1) 128.14 (4) Line 15-20. Compliance Page 18: I will feel better if noise testing is done by an independent 3rd party, NOT THE DEVELOPER/OWNER. What other industry is allowed to be its` own testing resource?
The draft also states that if the test shows compliance, another test can't be done for two years.
What if the test was not done on the night that the noise complaint was made or if the test was not accurate? A person should not have to continue to suffer for 2 more years.
The developer or owner should not be conducting the test. It should be a 3rd party. Otherwise who determines if the test was fair and accurate? The testing needs to be verified or done by more than one source to protect the landowner.
2)128.14 Noise Criteria. Page 16: I would like to ask if testing will be done at night and the specific night of the complaint?
I have serious concerns as to why low frequency noise and measurement has not been addressed. The 45dba limit will not cover this serious issue.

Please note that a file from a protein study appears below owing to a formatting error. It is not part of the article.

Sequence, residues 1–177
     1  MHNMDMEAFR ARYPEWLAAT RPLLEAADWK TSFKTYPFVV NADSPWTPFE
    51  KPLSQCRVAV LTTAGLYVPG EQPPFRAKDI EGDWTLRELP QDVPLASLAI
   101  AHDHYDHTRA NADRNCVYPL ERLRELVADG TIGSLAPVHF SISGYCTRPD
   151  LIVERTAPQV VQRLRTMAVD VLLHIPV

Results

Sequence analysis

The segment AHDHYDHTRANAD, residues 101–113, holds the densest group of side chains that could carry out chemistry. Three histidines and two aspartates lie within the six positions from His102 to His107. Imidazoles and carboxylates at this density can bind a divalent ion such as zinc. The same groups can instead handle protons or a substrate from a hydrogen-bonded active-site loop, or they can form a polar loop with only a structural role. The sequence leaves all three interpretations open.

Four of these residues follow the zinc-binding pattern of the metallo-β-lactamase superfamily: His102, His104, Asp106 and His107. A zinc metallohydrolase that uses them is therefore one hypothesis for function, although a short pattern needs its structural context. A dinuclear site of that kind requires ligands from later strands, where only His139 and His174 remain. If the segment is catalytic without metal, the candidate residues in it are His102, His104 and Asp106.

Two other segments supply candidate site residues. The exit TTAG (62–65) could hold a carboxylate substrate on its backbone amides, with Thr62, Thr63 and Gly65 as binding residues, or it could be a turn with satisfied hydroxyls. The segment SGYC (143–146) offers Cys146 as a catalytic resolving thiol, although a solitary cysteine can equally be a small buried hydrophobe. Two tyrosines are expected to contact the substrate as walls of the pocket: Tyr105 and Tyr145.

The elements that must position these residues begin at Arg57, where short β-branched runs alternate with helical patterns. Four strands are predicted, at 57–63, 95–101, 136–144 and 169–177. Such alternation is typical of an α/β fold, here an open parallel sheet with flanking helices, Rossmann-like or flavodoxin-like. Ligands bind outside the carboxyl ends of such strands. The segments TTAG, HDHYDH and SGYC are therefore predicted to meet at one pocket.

3) 128.14 (C) Compliance: Page 19 Pre and post construction testing must also be done by a 3rd party, not the developer or owner. This is to prevent any conflict or problems from happening in the first place to reduce the need for mitigation.
Basically any testing referenced in the draft should be done by a 3rd party, never the developer. Please keep in mind, they are not a utility and not regulated as the utility industry is.
4) Existing property uses: I feel strongly that vacant land zoned for residential building should be considered, not just those with building permits.
What if someone is planning to build a year or two down the road because they are just in the planning stages, which can take years? My husband and I worked on our home plans for 3-4 years after we purchased our property and then went for a building permit. Or if someone is planning a retirement home in 5 or 10 years?